Details of HUD Study Findings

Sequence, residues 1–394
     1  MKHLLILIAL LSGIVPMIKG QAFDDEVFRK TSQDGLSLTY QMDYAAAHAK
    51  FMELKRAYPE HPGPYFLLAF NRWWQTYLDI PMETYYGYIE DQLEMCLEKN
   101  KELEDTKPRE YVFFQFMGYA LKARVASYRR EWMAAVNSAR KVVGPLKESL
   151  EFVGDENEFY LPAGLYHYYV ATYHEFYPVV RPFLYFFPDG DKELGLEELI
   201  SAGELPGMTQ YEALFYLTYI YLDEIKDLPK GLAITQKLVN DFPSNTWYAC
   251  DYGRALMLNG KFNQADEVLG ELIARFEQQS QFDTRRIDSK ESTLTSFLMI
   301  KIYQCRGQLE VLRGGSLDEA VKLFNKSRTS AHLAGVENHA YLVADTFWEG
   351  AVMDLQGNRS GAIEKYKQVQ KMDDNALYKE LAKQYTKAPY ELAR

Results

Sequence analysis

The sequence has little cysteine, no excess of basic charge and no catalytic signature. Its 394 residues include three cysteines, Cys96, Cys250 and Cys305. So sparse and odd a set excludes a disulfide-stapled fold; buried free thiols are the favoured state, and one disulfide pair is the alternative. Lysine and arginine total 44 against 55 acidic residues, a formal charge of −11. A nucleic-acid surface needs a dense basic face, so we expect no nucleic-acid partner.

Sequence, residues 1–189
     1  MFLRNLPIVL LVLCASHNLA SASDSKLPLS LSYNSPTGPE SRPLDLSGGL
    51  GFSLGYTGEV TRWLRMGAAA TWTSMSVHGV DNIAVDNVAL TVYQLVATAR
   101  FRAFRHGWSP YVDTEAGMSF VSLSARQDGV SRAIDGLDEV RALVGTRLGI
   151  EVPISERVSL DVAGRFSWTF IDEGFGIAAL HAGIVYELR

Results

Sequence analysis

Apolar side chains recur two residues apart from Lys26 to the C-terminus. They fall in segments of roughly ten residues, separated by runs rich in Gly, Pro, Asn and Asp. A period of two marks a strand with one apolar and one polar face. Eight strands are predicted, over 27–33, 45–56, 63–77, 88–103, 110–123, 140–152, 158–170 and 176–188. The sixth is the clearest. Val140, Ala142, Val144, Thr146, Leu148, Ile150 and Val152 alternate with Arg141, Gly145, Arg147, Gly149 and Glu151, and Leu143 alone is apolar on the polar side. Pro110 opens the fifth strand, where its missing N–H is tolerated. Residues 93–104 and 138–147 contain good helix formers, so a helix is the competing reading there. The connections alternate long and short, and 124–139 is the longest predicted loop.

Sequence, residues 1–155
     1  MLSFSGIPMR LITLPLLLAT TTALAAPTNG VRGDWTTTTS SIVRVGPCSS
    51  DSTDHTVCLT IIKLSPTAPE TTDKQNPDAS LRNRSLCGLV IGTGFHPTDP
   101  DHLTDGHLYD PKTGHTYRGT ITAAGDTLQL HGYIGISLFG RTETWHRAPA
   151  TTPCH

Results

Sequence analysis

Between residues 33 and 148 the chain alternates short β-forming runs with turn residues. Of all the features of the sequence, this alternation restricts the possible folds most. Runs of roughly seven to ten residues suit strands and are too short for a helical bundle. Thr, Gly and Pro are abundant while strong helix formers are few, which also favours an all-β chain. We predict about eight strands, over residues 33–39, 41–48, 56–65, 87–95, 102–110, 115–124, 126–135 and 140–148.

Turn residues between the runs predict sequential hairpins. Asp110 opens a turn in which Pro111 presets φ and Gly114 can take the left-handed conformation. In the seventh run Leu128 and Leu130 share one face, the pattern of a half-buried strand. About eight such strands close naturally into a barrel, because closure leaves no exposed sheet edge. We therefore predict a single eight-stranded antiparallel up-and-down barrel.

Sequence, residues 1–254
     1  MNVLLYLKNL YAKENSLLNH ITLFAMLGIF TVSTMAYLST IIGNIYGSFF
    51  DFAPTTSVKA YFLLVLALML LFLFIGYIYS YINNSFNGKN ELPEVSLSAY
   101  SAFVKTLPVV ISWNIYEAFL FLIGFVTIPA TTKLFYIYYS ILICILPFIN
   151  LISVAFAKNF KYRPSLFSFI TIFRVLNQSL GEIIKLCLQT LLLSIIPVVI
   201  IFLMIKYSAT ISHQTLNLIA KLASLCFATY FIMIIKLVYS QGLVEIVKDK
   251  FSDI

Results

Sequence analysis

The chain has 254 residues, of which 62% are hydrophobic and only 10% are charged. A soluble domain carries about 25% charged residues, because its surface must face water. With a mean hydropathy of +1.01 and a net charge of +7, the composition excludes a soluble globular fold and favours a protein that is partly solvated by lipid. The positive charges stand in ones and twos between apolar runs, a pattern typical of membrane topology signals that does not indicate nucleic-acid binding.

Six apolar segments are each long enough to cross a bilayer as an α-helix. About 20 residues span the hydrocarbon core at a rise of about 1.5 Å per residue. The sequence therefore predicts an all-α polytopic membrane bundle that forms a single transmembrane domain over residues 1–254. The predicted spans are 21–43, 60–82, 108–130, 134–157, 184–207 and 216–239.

“The study found that from 1993 to 1998:- The number of subprime home refinancing loans increased 10 fold to more than 790,000. In 1993, the subprime share of the overall mortgage market represented $20 billion. In five years, this volume multiplied more than seven times to $150 billion.- Subprime loans accounted for 51 percent of home loan refinancings in predominantly African American neighborhoods in 1998, but only 9 percent in white neighborhoods. Comparable 1993 figures were 8 percent in black neighborhoods and 1 percent in white neighborhoods.- The racial disparity is so wide that 39 percent of families in high-income black neighborhoods received subprime home loans in 1998, while less than half that number of families in low-income white neighborhoods received subprime loans.- In low-income neighborhoods, subprime loans accounted for 26 percent of total loans in 1998, compared with only 11 percent in moderate-income neighborhoods and just 7 percent in upper-income neighborhoods. Comparable 1993 figures were 3 percent in low-income neighborhoods and 1 percent each in moderate-income and upper-income neighborhoods.The analysis notes that by providing loans to borrowers who do not meet the credit standards for borrowers in the prime market, subprime lending serves a critical role in the nation’s economy. Subprime borrowers may have blemishes in their credit record, insufficient credit history or non-traditional credit sources. Through the subprime loan market, they can buy a new home, improve their existing home, or refinance their mortgage to increase their cash on hand.The study adds that prime lenders have made significant efforts and progress in reaching historically underserved markets and communities. However, based on the explosive growth of subprime lending in these neighborhoods, the study concludes much remains to be done, in both the primary and secondary markets.”